McCollum Chidester House Museum
McCollum Chidester House
This home was built on land received by grant from the United States Government when James K. Polk was President. The rambling white colonial home was built in 1847 by Peter McCollum a local merchant a little ways west of town on a piece of property overlooking the well-traveled trade route to Washington, Arkansas. It is a house of many firsts for the area including the first one built of planed lumber, the first to be wallpapered and it's kitchen had the first iron cookstove and accoutrements - all imported from New York. It has twelve foot ceilings in the seven downstairs rooms and somewhat lower ceilings in the three upstairs rooms. The house has five fireplaces. One of the first sewing machines sold west of the Mississippi River still sits in a corner of the dining room and was used by Mrs. George Chidester in later years.
Mr. McCollum, known as a gracious host, entertained dignitaries, pastors, lawyers and steamboat captains the 15 years he lived in the home. When he relocated to a new plantation home further West of town, he sold the home in 1862 to Colonel John T. Chidester for $10,000 gold. When the home was purchased, Chidester added two large rooms onto both the east and west wings of the house.
Colonel Chidester, a government mail carrier, moved to Camden in 1857 hoping to expand into new frontier territory for operating stage lines in the Southwest United States. He formed Chidester, Rapley and Company, which provided passenger and mail service all across South Arkansas, North Louisiana and Texas. This company operated four horse - nine passenger coaches connecting Gaines Landing, Washington, AR., Hot Springs, Trenton, Louisiana, Homer via Magnolia, Lewisville, Pine Bluff, Arkadelphia and Antoine. Colonel Chidester saw the house and property as an excellent site for his home and stage coach business with plenty of room to keep the many horses his business needed. Col. Chidester loved horses and knew a great deal about them. This trait was inherited by his six sons, John, Will, Frank, Jim, George & Byrd. John, Frank and Will associated with their father in the operation of the stage line and Frank & Will later operated a livery stable. He also was a major cotton factor for the area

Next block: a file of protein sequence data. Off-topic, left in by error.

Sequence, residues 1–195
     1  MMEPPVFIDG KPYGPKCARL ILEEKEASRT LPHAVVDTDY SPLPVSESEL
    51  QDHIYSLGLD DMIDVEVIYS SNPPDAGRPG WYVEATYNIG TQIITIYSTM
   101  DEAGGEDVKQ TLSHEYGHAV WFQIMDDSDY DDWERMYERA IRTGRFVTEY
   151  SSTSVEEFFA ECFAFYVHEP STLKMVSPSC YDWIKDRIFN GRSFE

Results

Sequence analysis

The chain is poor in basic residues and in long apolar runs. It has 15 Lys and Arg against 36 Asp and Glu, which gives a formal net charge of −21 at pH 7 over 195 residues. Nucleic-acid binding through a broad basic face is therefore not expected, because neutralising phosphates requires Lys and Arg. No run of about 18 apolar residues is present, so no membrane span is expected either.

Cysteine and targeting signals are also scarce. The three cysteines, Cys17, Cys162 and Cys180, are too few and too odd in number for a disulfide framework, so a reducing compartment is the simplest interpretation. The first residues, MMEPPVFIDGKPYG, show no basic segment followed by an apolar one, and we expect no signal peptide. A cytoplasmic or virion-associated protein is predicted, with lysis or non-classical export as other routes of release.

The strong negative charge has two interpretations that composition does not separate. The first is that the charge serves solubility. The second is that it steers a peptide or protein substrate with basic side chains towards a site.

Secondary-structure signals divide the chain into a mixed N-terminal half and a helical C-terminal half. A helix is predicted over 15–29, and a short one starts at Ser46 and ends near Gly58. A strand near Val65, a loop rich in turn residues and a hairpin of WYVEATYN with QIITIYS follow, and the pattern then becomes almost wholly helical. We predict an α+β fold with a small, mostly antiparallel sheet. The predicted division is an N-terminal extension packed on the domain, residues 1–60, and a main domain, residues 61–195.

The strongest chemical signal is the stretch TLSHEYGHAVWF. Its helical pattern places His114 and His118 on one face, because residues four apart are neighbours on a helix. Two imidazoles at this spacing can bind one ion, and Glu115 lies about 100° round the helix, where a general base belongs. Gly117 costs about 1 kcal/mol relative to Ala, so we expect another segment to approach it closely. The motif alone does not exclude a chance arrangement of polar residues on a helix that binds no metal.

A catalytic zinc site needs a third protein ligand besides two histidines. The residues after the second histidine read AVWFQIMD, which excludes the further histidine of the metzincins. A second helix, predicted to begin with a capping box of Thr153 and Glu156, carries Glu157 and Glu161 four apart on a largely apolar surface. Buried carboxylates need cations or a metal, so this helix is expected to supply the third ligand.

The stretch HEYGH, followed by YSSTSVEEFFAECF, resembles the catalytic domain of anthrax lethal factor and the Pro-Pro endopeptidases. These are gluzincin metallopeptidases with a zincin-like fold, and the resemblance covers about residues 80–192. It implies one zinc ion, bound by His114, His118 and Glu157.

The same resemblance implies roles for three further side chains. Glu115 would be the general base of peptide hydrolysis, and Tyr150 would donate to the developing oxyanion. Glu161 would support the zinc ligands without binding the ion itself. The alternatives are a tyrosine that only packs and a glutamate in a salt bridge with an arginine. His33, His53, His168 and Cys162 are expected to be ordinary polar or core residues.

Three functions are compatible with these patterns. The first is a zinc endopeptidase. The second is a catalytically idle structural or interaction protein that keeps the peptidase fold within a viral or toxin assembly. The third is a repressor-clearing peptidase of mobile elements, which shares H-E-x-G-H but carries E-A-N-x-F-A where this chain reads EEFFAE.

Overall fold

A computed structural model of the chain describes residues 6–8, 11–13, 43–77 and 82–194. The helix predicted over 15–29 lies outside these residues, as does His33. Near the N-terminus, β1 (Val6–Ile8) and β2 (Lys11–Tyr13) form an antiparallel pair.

In the Spring of 1864 when Federal troops were occupying Camden, General Frederick Steele made the house his headquarters. Mrs. Chidester was able to hide her silverware,china, pewter and jewelry, having buried it under a chinaberry tree in the yard before their arrival. The family monies were hidden in a belt worn by a servant. The Confederates shelled the house forcing her to put her children under bed mattresses for protection. Shortly afterwards, General Steele moved closer into town for greater protection for him and his staff.
Because Colonel Chidester allegedly rifled federal mail to provide state secrets to the Confederacy, he was considered a spy by the Union. The Union troops returned to the home searching for him, he hid in a small attic room filled with trunks, the door covered by a large chest. The soldiers, unable to find access to the room, fired shots in the wall. The bulletholes remain there today. Colonel Chidester made his escape to Texas, where he remained until he was granted amnesty for his alleged war crimes.
The stagecoach business recovered after the war and in 1878, Colonel Chidester obtained what was at the time the country's longest single stage route - the run between Fort Worth, Texas and Yuma, Arizona - which required the employ of 300 men, 2,000 horses, 60 Concord coaches and a detachment of the U. S. Army. The Chidester House became the central mail station of the Butterfield Overland Stage Route. The horses and coaches used on this route were kept in a large two story barn on the west side of the house. The two upstairs rooms at the house were used for the stage drivers and any overnight passengers. The operation lasted for three years. By then the final rails were laid for the Texas & Pacific Railroad.
The Ouachita County Historical Society bought the house and furnishings from Dan Chidester and Tom Chidester in 1963 and turned the property into a museum.